A realtor and a prospective homebuyer sued the city of Cincinnati and three police officers in federal court Monday night, alleging they were illegally detained after a retired Cincinnati officer called 911 to report “two black males forced the front door (of the home) open,” according to the suit.
Realtor Jerry Isham and Anthony Edwards entered the residence on Morado Drive in West Price Hill Nov. 17, 2018, using the lock box on the door Isham had access to but were ordered out at gunpoint by an officer, the lawsuit alleges.
In all, at least 9 officers arrived at the scene, the lawsuit states.
Isham was handcuffed and searched and then Edwards, who protested to police, was placed in handcuffs, body camera footage provided to FOX19 NOW shows.
WARNING: Strong language is used in the video below.
The 911 call placed by the retired officer, Tom Branigan, who lives in the neighborhood, was ultimately determined to be “false,” according to the suit.
But the men are now asking a judge to hold the city and police officers accountable in the hopes of preventing something like this from happening to other African-Americans.
No one, the suit alleges, asked the men who they were or why they were there – and it all unfolded with the realtor’s 9-year-old son waiting in his car outside.
“I didn’t want him to see me being arrested,” Isham said Monday. “I had my hands raised and, as my hands are raised, I’m thinking about my son in the car. There’s a porch to the left of the front door and so what I’m trying to do is come out with my hands raised and then (the officer) said ‘put your hands behind your back.’ I’m not trying to step down the steps, I’m trying to stay on the porch so that I can be handcuffed not in front of my son.”
His lawyer, Chris Finney, said the police response was completely overblown and should have been avoided.
“Instead of just talking to them, investigating ‘what are you doing here, do you have a legitimate purpose?’ they immediately went to guns drawn, hands up, handcuff and then the illegal search of the pockets instead of just talking to them like normal human beings,” Finney said.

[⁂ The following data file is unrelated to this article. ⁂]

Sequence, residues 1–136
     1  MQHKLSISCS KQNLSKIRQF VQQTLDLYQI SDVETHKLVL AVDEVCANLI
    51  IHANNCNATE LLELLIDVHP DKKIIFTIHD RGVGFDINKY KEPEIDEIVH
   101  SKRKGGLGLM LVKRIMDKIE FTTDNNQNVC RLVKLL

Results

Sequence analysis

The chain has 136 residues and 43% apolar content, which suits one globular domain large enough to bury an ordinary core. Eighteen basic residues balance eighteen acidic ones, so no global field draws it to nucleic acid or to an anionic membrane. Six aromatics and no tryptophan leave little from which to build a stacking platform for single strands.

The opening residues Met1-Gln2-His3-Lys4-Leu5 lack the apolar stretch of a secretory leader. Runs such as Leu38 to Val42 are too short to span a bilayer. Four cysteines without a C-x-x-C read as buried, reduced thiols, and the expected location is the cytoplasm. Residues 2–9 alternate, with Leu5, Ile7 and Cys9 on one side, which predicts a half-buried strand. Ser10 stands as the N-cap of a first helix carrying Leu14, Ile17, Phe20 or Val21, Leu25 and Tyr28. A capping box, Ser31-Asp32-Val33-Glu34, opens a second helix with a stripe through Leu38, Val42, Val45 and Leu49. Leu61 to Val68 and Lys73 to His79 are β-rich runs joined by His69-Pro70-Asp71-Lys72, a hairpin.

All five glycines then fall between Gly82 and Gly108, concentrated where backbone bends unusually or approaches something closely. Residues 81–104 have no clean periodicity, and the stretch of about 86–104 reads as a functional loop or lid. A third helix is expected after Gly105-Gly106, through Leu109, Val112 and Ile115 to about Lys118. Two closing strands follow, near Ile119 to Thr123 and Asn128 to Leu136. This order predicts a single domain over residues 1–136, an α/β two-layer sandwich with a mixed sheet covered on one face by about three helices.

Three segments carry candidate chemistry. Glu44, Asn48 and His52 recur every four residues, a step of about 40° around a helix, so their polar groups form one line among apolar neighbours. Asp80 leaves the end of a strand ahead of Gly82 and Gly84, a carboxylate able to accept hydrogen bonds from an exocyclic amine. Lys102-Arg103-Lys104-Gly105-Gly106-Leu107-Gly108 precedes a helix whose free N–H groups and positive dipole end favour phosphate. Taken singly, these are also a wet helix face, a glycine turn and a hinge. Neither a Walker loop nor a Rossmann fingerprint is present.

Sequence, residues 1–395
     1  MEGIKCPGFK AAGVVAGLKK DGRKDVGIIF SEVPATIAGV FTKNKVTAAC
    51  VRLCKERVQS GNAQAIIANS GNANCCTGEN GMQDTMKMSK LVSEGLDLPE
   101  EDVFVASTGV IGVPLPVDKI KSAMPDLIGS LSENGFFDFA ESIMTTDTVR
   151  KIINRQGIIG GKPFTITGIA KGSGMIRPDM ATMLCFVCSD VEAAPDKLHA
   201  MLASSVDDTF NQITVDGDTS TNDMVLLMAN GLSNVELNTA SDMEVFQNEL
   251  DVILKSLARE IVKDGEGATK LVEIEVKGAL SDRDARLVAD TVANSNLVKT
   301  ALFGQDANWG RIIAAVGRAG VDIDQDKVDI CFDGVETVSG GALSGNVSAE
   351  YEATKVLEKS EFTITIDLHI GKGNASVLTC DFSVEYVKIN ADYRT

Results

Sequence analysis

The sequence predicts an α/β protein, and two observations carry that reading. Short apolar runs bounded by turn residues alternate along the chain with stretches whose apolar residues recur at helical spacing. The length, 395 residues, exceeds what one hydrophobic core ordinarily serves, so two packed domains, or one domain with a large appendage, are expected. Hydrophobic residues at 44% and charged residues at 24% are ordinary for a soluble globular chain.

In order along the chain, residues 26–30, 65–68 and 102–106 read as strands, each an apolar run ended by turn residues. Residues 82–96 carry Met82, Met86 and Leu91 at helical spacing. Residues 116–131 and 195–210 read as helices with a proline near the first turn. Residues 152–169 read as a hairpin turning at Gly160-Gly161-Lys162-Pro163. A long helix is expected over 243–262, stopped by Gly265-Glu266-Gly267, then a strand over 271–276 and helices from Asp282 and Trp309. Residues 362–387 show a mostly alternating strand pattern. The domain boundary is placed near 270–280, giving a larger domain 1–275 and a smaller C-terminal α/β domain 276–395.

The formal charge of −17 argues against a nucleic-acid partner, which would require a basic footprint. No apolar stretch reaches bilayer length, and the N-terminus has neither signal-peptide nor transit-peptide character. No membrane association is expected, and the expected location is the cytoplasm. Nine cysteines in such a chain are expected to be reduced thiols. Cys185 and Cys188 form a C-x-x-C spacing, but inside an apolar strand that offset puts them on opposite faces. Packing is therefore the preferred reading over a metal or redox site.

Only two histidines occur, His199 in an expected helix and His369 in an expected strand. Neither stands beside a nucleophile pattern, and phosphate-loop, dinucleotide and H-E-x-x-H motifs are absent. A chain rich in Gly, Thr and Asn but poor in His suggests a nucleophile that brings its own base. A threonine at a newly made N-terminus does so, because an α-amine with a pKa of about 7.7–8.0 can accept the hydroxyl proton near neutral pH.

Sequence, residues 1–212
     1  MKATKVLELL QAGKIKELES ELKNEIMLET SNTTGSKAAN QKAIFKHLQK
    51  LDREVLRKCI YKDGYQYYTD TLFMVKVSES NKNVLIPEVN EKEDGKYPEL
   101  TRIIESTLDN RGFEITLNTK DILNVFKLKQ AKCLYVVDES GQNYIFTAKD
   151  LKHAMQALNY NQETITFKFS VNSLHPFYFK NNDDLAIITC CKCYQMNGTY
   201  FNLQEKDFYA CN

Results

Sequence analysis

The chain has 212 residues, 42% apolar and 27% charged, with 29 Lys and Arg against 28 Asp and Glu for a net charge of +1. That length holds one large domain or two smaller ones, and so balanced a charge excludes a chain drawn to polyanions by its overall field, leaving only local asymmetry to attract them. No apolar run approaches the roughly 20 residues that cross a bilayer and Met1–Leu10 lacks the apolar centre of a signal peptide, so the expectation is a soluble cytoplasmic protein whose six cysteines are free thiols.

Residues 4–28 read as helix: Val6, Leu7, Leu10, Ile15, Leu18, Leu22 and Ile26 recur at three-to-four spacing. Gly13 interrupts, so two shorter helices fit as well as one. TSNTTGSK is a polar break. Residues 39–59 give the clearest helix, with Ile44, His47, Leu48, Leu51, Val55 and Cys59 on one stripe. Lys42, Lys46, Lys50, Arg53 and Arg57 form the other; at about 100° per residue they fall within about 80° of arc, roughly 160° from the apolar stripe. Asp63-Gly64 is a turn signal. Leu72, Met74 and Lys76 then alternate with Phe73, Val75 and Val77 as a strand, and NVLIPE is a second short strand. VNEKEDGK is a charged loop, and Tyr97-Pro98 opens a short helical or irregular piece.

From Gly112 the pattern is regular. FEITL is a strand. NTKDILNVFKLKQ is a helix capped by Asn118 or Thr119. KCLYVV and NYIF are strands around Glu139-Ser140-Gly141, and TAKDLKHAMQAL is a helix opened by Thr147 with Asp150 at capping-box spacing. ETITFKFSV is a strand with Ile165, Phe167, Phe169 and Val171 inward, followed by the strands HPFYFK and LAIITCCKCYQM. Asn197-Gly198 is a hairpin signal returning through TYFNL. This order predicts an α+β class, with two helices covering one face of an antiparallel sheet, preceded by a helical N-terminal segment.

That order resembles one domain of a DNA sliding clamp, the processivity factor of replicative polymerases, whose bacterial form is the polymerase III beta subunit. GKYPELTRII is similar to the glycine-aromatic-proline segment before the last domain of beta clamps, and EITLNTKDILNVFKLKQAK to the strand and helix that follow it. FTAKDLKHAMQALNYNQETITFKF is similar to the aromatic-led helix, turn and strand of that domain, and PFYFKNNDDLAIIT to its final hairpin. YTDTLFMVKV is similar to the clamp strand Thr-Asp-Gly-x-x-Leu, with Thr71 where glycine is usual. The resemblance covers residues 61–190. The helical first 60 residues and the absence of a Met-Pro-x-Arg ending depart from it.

Edwards said he felt like they were racially profiled.
“Basically we were guilty until proven innocent in their eyes,” he said Monday. “It was all about we’re black, they’re white, and this retired police officer’s word is over us all and we had no defense until they found out ‘yeah, they are here looking at this house.’ And I was going to buy that house up until that point. It was a very, very nice house at a very good price.”
The retired officer admitted on a police sergeant’s body camera video “that he didn’t have a good view of the entry and may have been mistaken,” a police incident detail report states.
The lawsuit names the city of Cincinnati and Officers Rose Valentino, David Knox, and Dustin Peet. It alleges deprivation of civil rights, false arrest/false imprisonment and destruction of records.
The suit seeks:
- Compensatory and punitive damages against the individual defendants
- The court to issue “appropriate injunctive relief” against the City of Cincinnati to protect the “illegal removal, destruction, mutilation, or transfer of, or by other damage to or disposition of” police body camera videos or police cruiser videos
- Plaintiffs’ attorneys fees and costs
- “Any other relief to which Plaintiffs may be entitled in law or equity”
We reached out to police and city officials and the retired officer for comment.
Branigan declined to talk Monday.
He retired from CPD 16 years ago after working 30 years including many as a motorcycle officer, according to his 911 call.
Branigan told us he hasn’t seen the suit and referred us to the police union’s attorney, Steve Lazarus.
Lazarus said he could not comment. He said he also hasn’t seen the suit – but told us we should check back in a few days once he’s had a chance to read it and he would comment then.
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SOURCE: FOX19 NOW – Jennifer Edwards Baker